We talk these stereotypes, my friends and I. They tell me it is perhaps because we haven’t migrated much, like the Malayalis, the trading Marwaris, and others. Even when we have, we have integrated quietly, in those adopted lands. Never stood out, learnt new ways, kept our food at home, our tongues indoors. That is what they tell me. Though I would partly agree, I am not ready to give up. There has to be at least one thing.
The way we tie the saree perhaps? That one thing has potential. But then that isn’t strictly just our way. Maybe puliyogre and Mysore Paak then? But then the northerners in the state eat jowar, their sweetmeats are nothing like those of us southerners. Nothing unifies us as a state, not even Kannada. Or maybe the language just a little. The older ones in the cities might attach an ‘oo’ to Anglo words; the bus is thus the bussu, the hotel, the hotlu, the car, the caru. Not much so, this, in the hinterlands though. Those along the Konkan speak bookish, formal, with what the rest might say a stiff upper lip. So there, not even our different Kannadas are apparently good enough.
If I hoped to cleverly arrive at a stereotype, however poorly etched, at the end of this, I hoped too much. Like gently pulling out a strand of hair from a ball of freshly made butter, my grandmother used to say, carefully, without stirring the rest of the ambiance. Treating the matter such hasn’t given me the answers I seek.
The Sardars, undoubtedly exasperated with the lame Sardarji jokes and Rajnikanth, for similar reasons, might perhaps envy us. For me, I would prefer outrage. I would want to listen and retell a Kannada joke, you know? I really would. I would want to get mildly irritated at being shoved into a narrow box, forced to grudgingly acknowledge a few things and dismiss outright the others. Perhaps it is a case of feeling left out, from the national psyche, from the domestic racism.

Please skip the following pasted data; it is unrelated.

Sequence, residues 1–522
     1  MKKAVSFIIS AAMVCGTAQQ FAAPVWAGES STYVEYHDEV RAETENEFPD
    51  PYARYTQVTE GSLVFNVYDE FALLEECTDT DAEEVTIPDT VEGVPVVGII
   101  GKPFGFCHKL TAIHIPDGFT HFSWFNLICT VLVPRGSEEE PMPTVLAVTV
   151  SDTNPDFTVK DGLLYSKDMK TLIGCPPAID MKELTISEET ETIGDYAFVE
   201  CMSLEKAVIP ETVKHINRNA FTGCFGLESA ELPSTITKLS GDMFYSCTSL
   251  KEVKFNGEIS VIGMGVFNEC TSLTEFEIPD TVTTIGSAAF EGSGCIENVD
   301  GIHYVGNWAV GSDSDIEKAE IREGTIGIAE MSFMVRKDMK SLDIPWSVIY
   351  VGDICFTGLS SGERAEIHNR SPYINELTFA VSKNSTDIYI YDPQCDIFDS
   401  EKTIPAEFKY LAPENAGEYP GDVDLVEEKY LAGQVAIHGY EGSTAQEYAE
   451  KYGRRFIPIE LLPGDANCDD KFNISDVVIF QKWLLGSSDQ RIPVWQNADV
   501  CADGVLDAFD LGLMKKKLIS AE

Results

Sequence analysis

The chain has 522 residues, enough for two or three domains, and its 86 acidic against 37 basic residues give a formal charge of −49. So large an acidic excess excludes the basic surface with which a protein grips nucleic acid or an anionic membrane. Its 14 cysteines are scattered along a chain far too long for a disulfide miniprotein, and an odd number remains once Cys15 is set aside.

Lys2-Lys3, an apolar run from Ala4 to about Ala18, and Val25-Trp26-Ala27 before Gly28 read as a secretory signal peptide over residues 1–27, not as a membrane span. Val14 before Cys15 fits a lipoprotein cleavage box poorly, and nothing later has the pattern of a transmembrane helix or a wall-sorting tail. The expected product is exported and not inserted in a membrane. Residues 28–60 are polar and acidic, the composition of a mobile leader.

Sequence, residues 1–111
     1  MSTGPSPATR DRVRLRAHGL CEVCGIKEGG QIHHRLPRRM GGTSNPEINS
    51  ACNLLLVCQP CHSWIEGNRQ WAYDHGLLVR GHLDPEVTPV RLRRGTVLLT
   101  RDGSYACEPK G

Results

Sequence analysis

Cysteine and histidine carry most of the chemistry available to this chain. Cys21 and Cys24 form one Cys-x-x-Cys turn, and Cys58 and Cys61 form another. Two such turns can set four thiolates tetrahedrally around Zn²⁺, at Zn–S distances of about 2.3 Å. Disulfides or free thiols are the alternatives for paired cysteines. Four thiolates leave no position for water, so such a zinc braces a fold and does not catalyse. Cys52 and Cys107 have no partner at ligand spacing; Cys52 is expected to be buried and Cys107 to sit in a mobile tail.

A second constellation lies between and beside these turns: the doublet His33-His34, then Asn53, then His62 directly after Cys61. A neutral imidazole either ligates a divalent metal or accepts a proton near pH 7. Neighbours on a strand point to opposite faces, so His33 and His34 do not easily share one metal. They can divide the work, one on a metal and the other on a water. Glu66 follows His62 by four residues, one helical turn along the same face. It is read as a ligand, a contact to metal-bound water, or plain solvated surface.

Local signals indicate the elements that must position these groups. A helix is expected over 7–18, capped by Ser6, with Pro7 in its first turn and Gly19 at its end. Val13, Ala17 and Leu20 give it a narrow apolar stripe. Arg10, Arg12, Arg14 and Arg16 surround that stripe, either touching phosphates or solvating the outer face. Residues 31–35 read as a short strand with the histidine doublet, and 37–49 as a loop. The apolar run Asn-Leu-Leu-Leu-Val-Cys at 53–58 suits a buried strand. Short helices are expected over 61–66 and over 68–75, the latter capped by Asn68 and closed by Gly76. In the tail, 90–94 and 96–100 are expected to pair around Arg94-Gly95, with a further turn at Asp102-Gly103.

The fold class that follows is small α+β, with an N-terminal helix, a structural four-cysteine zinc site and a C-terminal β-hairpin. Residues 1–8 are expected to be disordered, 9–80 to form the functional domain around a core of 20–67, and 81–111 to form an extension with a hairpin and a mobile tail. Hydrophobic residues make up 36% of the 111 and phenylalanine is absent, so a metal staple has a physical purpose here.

Even Lonely Planet largely ignores us, come to think of it. While there are a scant few pages saying the perfunctory things about Karnataka, there is sparse, when there is at all, mention of its many foods and its different peoples. I want to think it is because those few pages couldn’t possibly hope to contain all the diversity that we enjoy here. How do you brand in just mere words the many worlds that there are? The state tourism department’s marketing line, ‘One State. Many Worlds’ seems just about right, for once.
Endnote: Cheta is older brother in Malayalam; mundu is a printed sarong/dhoti/tropical dress; kattan chaya is tea with sugar, without milk; lassi is yoghurt with embellishments; rajma is beans with tomatoes and salt and lot else; bhadralok is a gentle, intelligent gentleman; rosogollos aren’t as good anywhere else but in West Bengal; maamis wear diamond nose pins and like all aunties, can be nosy; puliyogre is spicy rice that tastes better the day after you make it; and Mysore Paak was not created in Mysore.